Writer/director/foodie/blogger Nora Ephron discusses her film in the DVD's audio commentary and in front of a New York City backdrop visual for featurette "Secret Ingredients." Amy Adams makes a proud face in the clip part of the DVD's sepia-toned, animated, cookbook-inspired main menu.


Julie & Julia has an unusually light menu of extras on DVD. First up is "Secret Ingredients: Creating Julie & Julia" (27:42), a good making-of featurette. Covered in this overview of production are the cast (down to Terry the cat) and their real life counterparts, the food, the actress' previous cooking skills, and the settings.
It does more talking than showing, but we do get to hear from every major player on the film, including the real Julie Powell and Julia Child's niece.

Next and last is an audio commentary by writer/director Nora Ephron, which is far less lively than the film and contains quite a bit of dead air. When she speaks, Ephron does have some moderately interesting things to say, such as how much of the film is faithful to documented reality. The filmmaker also shares some production experiences regarding filming locations, cast members, and tricks used to make Streep look Child's height. The most fascinating stretch comes near the end, as Ephron remarks upon the real Child's feelings toward the real Julie's blog.

The concurrent Blu-ray release, whose list price is $11 higher and which is currently selling for as much as $24 more than the DVD counterpart, includes a number of exclusive bonus features: featurette "Family & Friends Remember Julia Child", a tour of Child's kitchen exhibit at the Smithsonian's National Museum of American History, five cooking lessons, and an interactive "Recipe Collector" playback mode.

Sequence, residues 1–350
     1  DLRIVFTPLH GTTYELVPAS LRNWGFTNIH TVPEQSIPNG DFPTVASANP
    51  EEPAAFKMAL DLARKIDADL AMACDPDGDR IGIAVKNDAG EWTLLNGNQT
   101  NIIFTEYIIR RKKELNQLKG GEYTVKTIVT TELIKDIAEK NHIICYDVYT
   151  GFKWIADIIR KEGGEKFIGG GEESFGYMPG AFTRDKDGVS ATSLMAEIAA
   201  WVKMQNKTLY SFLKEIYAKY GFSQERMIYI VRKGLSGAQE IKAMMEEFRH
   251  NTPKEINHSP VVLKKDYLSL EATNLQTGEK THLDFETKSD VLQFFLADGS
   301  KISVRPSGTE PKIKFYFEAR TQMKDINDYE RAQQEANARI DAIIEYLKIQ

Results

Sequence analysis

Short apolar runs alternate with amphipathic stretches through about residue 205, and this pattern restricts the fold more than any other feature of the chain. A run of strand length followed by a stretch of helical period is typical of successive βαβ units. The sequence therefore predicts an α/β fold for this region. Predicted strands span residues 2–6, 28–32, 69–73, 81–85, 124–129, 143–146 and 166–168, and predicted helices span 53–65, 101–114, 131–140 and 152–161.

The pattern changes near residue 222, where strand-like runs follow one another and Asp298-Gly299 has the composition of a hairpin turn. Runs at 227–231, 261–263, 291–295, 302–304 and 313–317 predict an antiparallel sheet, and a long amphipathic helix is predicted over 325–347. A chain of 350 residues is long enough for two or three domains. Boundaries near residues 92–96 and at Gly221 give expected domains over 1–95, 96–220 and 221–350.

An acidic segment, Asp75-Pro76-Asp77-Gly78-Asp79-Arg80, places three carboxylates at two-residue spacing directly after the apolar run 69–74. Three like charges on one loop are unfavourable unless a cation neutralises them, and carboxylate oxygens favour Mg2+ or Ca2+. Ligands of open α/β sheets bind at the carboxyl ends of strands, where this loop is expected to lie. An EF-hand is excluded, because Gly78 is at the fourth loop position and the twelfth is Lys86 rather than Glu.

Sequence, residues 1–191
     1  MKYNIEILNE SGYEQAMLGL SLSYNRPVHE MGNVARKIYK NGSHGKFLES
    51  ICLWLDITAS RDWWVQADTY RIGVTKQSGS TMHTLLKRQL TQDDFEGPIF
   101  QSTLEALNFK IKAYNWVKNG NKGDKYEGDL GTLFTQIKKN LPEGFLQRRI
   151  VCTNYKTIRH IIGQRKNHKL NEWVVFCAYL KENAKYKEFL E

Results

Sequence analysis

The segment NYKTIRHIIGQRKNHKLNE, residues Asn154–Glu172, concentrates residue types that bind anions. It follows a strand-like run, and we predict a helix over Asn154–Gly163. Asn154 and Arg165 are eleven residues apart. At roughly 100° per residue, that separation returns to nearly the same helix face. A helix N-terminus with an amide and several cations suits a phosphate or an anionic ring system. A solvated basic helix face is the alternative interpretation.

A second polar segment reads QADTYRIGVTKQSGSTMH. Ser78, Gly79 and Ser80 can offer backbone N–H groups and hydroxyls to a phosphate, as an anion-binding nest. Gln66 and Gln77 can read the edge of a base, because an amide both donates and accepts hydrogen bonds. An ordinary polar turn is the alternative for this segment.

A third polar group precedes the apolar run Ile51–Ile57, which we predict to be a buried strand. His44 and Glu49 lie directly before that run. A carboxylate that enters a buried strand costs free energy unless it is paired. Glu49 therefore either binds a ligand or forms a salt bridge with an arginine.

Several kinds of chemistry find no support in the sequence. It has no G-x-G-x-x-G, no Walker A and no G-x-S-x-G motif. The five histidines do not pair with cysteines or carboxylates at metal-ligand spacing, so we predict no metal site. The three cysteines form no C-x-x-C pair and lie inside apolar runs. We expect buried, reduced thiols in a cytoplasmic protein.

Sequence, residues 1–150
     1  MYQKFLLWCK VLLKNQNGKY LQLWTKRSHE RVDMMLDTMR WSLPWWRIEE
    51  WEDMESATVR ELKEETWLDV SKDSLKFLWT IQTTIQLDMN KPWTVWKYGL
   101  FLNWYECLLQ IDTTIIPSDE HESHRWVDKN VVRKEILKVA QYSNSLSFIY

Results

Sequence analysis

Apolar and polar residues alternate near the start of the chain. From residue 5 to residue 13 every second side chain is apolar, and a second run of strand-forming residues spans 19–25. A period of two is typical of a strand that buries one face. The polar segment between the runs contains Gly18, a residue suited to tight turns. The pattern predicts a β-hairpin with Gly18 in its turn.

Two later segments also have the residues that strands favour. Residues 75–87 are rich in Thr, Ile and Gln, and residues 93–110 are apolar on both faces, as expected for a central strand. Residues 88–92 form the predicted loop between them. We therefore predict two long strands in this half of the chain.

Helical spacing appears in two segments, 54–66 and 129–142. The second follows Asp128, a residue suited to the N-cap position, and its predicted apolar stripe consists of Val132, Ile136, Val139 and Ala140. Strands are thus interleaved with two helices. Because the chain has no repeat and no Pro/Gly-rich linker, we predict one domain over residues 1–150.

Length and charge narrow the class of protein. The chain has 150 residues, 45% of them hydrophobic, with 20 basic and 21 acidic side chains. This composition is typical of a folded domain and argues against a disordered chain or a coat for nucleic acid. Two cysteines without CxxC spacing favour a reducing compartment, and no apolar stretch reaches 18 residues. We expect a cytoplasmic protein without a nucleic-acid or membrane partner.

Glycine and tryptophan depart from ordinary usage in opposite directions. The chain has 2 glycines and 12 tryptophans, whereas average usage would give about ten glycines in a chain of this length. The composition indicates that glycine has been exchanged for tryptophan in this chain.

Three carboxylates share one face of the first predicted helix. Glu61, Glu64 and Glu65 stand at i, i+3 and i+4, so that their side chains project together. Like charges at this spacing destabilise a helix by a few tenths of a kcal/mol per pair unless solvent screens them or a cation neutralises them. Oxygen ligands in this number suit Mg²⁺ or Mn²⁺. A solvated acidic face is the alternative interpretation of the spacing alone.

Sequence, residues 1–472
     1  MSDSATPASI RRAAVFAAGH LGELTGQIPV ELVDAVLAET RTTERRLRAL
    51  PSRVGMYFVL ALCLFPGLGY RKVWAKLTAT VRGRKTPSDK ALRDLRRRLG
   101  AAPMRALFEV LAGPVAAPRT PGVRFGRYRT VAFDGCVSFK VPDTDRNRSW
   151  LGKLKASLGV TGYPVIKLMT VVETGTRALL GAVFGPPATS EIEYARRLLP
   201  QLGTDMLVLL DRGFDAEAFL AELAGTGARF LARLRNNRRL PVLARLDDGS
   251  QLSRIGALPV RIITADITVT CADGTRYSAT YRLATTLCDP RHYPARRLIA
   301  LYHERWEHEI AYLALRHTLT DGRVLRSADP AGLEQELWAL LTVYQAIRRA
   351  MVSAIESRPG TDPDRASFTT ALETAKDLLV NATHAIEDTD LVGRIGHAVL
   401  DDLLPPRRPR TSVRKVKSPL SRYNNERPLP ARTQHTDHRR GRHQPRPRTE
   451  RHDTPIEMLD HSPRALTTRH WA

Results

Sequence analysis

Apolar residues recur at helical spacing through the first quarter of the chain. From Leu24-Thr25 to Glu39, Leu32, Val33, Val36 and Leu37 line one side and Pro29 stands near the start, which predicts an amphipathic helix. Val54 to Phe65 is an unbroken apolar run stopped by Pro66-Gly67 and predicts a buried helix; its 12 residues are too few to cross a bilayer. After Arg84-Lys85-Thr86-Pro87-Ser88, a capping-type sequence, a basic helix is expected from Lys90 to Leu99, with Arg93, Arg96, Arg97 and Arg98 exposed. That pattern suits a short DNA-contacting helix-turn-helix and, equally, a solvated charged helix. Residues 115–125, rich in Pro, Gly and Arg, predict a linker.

The DVD opens with an anti-smoking spot and ads for Did You Hear About the Morgans?, an upcoming Ice Castles remake, Bright Star, Coco Before Chanel, and, two blasts from Ephron's past, Sleepless in Seattle and Hanging Up. The Previews menu holds additional trailers for The Accidental Husband, Michael Jackson's This Is It, An Education, Whatever Works, and Hachi: A Dog's Tale.

The stylish main menu animates cooking utensils, directions, and images of the two ladies. Submenus give a silent, simplified version of that design. The lone insert inside the ecologically-cut black keepcase promotes a cooking-themed sweepstakes inspired by the film.

Amy Adams' performance as Julie Powell represents one of cinema's first depictions of a real life blogger. (As this shot illustrates, the film isn't above Sony's signature product placement.) At a Valentine's Day dinner, smiling Julia Child (Meryl Streep) places her hand between her real and decorative hearts.


Julie & Julia is a pretty solid film that ranks among the year's best so far. The cast does nice work, Ephron's script and direction shun sap and obviousness, and the proceedings are accessible without feeling dumbed down. Most viewers will not only enjoy this, but also come away with some appreciation for cooking and blogging. It's unfortunate that most of the extras have been needlessly left off the DVD, which will handily surpass the Blu-ray release in sales. Still, the feature presentation satisfies and with the severe pre-street discounting (Amazon is selling it for just $9.99), this disc earns an easy recommendation.

More on the DVD / Buy from Amazon: DVD / Blu-ray / The Books: Julie & Julia, My Life in France

Buy from Amazon.com

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Reviewed November 30, 2009.